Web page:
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Minerva Pneumologica 2003 December;42(4):233-44

Copyright © 2003 EDIZIONI MINERVA MEDICA

language: English

Orally exhaled nitric oxide as a markerof inflammation in childhood asthma

Silvestri M., Sabatini F., Serpero L., Petecchia L., Rossi G. A.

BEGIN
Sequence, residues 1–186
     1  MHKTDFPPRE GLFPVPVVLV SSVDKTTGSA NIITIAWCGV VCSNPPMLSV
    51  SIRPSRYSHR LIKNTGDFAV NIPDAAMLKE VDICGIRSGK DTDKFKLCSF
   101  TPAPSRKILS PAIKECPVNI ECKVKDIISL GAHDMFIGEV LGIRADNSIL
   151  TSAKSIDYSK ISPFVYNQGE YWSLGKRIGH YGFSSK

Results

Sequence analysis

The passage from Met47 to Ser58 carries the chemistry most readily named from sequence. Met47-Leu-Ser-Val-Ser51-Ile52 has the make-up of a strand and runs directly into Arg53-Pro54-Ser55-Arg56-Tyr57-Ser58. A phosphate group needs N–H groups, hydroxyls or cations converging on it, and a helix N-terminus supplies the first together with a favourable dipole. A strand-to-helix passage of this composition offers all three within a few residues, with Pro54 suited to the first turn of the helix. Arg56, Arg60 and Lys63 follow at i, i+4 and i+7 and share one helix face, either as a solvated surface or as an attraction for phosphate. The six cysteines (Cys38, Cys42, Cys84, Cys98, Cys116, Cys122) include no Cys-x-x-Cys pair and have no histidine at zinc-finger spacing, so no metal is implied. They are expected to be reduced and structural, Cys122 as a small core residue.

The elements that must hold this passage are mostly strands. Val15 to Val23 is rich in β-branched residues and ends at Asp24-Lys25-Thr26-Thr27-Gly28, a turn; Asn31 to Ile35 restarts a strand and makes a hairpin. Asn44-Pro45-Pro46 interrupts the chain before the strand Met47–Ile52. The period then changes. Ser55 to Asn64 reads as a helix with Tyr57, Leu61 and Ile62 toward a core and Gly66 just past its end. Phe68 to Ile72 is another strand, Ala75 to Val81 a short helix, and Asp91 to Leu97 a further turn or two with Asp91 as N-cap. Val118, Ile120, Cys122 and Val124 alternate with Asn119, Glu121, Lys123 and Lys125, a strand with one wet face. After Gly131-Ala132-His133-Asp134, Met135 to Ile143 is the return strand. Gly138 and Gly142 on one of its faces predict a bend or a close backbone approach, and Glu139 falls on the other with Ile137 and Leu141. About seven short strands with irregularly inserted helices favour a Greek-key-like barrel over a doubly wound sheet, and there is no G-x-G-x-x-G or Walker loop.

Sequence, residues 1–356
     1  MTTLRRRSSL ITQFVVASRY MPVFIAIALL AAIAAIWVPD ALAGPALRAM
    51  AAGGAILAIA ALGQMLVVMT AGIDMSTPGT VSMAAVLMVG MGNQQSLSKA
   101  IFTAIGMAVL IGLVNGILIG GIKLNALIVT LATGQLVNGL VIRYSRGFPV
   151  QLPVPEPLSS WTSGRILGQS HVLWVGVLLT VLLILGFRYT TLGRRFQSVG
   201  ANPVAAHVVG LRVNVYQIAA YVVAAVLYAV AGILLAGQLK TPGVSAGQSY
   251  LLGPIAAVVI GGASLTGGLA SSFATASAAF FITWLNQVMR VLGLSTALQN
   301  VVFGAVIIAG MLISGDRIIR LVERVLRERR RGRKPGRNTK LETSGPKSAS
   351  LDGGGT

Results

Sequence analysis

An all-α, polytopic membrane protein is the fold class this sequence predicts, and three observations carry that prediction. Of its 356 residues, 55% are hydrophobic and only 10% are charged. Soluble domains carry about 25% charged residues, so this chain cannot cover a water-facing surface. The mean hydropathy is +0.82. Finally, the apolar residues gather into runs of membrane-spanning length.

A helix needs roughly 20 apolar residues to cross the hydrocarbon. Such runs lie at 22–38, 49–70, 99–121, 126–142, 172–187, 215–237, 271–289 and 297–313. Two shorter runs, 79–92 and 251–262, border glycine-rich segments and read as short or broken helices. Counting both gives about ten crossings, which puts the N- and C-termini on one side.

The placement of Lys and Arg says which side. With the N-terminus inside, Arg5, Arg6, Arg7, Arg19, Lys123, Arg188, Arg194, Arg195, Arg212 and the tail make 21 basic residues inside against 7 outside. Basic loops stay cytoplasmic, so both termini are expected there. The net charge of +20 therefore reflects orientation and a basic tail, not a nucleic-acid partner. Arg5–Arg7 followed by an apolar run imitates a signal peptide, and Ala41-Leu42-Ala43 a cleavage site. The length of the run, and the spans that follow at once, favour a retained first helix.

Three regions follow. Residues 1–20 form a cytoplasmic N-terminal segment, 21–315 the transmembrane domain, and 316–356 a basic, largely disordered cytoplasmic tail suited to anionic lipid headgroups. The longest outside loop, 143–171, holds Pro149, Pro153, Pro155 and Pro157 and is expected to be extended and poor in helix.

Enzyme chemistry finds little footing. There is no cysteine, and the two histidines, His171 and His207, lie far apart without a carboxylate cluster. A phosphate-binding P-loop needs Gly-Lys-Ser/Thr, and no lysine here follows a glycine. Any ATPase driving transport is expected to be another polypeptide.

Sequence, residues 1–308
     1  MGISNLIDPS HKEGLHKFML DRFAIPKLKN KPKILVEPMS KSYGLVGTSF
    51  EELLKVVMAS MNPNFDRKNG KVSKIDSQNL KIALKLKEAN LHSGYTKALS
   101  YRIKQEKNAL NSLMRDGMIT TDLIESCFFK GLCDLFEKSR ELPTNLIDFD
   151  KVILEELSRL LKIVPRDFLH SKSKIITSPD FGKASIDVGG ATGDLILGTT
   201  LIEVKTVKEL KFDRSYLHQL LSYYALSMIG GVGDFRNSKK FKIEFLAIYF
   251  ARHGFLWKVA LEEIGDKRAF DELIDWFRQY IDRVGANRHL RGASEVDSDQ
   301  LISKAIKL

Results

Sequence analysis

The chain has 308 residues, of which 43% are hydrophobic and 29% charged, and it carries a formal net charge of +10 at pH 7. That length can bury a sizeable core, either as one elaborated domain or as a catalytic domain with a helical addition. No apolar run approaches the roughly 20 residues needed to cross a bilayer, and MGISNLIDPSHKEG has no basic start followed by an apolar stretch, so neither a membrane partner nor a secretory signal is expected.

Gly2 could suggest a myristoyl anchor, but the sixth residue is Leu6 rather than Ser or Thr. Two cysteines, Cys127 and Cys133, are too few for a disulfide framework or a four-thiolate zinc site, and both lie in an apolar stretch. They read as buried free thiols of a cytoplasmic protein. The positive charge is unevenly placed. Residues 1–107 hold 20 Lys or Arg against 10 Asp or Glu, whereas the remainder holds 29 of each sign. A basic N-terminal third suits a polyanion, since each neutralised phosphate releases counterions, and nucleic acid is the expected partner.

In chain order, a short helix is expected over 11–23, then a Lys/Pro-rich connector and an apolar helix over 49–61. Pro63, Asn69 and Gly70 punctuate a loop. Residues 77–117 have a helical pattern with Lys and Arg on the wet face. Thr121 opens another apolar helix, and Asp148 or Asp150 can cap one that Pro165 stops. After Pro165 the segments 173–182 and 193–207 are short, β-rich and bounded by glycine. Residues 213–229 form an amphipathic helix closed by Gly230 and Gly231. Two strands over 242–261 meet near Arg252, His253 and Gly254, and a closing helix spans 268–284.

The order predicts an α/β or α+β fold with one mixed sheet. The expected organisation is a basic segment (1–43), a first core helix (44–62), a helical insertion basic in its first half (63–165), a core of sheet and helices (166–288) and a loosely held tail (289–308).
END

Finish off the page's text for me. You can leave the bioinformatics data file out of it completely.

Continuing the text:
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Airway inflammation is a key process involved in asthma since mediators released by inflammatory cells may induce acute damages and structural changes to the airways. Airway inflammation is, therefore, a primary therapeutic goal and the treatment with anti-inflammatory drugs should be started as early as possible in order to avoid irreversible airway remodelling occurring during chronic inflammation, even in young children. The need to monitor inflammation has led to the exploration of volatile compound in exhaled air. Nitric oxide (NO) is being increasingly used to assess airway inflammation in childhood. Moreover, it has become clear in the last few years that increased NO is present in the expired air of patients with asthma and that measurement of the fractional concentration of exhaled NO (FENO) may represent a non invasive, simple, well tolerated test thought to reflect the airway inflammatory events in asthmatic children.

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